Is it possible, though, to modify the WordPress permissions of existing user roles?
We discussed a few downsides of the roles; particularly the idea that the author can delete their own posts even after it's been published. If this happens, it can cause a huge snag in your entire workflow and content strategy.
Even worse still, if you paid an author for content and they decide to delete everything before they part ways with your endeavor, you may lose out on a big investment.
For these reasons, you may seek to edit the author WordPress user roles to eliminate the permission for post-publishing post deletion.
The first step in adjusting existing WordPress user roles is to install and run the PublishPress Capabilities plugin. After you activate it, navigate to Users > Capabilities, where you can then modify any WP user roles.
Then, in the top right box that reads Select Role to View / Edit, choose the user role you want to edit and click Load. You’ll then see all of the WP permissions in the left boxes.
You can then select and deselect any of the permissions you want to add or remove. For the author role, you’ll deselect the Delete Published capability. After you finish making adjustments, scroll down and click the Save Changes button.
Creating Your Own Custom User Roles in WordPress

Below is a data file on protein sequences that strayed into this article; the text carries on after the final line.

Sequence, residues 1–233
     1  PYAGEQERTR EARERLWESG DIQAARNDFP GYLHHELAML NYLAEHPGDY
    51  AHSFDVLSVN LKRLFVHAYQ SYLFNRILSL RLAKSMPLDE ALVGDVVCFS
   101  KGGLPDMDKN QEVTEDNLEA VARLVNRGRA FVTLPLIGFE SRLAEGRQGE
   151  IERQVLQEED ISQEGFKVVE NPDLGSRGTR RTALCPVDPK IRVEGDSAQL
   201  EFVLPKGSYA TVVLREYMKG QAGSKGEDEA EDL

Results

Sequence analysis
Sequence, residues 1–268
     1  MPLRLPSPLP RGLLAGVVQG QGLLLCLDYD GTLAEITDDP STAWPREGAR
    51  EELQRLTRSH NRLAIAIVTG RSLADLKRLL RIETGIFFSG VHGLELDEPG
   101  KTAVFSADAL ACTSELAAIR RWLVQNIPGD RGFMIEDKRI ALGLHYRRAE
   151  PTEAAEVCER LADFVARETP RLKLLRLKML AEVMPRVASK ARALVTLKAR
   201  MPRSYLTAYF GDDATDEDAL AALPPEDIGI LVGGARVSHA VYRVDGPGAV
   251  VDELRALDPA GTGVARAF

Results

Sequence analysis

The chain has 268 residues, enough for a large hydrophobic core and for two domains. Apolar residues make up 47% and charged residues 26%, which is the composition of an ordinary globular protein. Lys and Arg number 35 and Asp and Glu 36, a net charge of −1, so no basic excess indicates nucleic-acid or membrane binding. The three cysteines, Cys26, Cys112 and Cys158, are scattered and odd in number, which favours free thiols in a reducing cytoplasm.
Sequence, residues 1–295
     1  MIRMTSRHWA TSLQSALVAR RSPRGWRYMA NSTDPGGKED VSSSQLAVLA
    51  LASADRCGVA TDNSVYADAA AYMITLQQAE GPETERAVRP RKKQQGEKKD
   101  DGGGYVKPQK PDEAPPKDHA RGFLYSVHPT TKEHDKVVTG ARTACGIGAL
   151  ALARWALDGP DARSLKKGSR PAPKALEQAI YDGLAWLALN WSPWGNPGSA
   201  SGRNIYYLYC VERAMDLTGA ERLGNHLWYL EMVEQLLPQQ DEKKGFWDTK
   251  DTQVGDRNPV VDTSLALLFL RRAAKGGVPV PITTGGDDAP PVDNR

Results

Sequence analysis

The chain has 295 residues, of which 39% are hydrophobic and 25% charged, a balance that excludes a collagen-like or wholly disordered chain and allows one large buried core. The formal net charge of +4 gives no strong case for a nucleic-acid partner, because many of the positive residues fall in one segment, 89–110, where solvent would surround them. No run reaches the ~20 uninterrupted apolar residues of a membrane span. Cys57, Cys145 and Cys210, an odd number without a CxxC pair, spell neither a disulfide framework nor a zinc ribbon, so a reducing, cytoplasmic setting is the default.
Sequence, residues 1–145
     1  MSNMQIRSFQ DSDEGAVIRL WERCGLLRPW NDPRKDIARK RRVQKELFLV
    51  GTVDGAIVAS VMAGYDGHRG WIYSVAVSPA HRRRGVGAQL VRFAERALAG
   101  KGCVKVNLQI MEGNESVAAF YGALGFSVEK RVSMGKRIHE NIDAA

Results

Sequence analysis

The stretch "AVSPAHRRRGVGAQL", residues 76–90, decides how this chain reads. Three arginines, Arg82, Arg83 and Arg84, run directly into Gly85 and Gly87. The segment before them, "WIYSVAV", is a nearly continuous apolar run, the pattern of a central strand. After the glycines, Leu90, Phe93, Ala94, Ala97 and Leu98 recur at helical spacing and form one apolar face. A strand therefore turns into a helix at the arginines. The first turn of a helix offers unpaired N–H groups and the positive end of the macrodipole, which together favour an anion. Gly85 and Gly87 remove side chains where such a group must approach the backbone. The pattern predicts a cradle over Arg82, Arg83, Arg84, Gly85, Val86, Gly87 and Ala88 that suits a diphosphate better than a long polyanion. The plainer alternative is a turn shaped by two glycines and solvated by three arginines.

What about if you want to create your own WordPress roles aside from those 5 defaults available to you?
Using the Capability Manager Enhanced Plugin, you can do that as well. Navigate to the same page, Users > Capabilities, and find the Create New Role box on the right side. Enter the user role name in that box.
You can then choose your desired capabilities by selecting them in the boxes on the left. Then, Save Changes at the bottom of the page and you’ll have an addition to your WordPress roles.
We hope you now have a clear understanding of the different WordPress roles and how you can use them effectively on your site. What other questions do you have about WordPress permissions or user roles?
Let us know in the comments!
By the way, another thing that you need to know is how to change permalinks in WordPress. It matters for rankings, traffic, and a good user experience.